When I use a word…: FingerprintsBMJ 1997; 315 doi: https://doi.org/10.1136/bmj.315.7113.0i (Published 11 October 1997) Cite this as: BMJ 1997;315:i
- Jeff Aronson, clinical pharmacologist
Fond though doctors are of using long words of Greek and Latin origins, in some cases we use ordinary English words. We say hiccup (not singultus), yawn (not pandiculation), and fingerprints (not dermatoglyphics).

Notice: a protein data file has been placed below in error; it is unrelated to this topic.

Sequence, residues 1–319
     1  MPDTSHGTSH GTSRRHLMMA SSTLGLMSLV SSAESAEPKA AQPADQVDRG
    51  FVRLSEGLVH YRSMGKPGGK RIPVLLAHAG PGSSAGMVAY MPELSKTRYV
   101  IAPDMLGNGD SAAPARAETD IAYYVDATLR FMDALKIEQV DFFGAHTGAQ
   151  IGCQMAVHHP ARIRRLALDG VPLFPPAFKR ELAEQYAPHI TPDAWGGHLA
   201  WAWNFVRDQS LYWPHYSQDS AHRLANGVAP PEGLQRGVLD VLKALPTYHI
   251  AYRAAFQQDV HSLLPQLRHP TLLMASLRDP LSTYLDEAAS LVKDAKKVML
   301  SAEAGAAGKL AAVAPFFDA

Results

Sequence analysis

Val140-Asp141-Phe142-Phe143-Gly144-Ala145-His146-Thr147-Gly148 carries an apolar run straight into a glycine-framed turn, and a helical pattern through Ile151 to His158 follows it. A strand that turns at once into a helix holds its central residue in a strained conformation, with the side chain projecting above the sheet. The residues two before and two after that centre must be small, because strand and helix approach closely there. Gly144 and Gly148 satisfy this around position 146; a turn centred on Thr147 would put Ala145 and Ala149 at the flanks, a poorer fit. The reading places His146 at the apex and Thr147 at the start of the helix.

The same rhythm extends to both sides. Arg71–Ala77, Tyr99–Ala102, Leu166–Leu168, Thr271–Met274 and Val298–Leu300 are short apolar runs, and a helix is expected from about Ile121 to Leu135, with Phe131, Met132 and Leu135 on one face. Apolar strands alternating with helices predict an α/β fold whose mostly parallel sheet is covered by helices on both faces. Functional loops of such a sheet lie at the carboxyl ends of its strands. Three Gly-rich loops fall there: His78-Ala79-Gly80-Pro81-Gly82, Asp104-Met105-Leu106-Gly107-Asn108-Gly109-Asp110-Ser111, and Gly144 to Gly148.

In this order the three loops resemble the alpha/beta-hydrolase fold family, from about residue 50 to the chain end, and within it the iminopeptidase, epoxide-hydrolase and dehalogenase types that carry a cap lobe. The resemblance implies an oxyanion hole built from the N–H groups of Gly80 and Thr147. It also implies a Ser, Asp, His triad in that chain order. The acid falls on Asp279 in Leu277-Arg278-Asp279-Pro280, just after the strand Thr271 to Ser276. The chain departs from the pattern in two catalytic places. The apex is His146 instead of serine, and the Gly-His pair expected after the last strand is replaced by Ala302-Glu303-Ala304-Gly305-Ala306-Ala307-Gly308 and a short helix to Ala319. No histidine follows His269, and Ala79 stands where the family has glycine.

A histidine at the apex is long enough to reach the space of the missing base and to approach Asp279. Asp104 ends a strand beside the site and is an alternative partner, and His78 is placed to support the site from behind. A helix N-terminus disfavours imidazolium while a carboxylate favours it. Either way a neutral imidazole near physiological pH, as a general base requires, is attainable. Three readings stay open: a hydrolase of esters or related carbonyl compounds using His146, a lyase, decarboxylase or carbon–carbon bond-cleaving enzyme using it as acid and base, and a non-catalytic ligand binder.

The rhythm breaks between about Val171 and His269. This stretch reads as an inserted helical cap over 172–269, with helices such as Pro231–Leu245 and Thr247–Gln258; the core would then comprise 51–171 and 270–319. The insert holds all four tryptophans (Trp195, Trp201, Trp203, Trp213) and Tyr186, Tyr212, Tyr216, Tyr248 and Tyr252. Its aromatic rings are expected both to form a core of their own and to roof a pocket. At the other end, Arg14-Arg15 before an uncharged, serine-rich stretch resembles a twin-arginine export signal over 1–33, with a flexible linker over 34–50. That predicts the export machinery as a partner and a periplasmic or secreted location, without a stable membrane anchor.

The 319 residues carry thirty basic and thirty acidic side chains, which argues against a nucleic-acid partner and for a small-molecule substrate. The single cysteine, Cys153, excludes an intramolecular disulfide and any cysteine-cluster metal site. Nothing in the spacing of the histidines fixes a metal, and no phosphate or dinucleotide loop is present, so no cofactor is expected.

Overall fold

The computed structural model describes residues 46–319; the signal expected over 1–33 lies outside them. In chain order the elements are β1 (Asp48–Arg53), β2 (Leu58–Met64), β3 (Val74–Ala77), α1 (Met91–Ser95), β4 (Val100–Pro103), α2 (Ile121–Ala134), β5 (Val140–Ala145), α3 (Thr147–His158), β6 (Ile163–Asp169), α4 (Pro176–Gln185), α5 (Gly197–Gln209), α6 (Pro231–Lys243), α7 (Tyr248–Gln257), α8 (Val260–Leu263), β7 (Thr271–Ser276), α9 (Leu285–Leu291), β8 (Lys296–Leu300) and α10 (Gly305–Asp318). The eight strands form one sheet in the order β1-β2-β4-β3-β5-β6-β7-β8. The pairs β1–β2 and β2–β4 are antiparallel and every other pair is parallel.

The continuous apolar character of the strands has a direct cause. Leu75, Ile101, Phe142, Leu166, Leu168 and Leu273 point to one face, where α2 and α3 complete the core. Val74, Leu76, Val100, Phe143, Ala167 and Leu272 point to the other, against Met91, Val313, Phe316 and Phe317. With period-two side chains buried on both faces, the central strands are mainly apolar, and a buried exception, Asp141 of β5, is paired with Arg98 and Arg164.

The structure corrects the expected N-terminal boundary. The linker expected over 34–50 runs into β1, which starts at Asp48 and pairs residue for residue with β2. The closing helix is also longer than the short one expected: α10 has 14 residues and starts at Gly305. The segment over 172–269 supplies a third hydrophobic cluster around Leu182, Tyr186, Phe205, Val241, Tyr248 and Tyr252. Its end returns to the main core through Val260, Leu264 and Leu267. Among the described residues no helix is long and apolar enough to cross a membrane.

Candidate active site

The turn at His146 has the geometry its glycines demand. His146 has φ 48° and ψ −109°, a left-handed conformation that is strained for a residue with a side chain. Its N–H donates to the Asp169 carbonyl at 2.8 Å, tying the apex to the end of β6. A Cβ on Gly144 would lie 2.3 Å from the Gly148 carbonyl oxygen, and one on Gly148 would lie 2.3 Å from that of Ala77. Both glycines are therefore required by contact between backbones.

The recent discovery that koala bears have fingerprints that more closely resemble those of humans than chimpanzees' fingerprints do is said to support the hypothesis that fingerprints evolved as an aid to climbing. Whether or not that is so, fingerprints have been …
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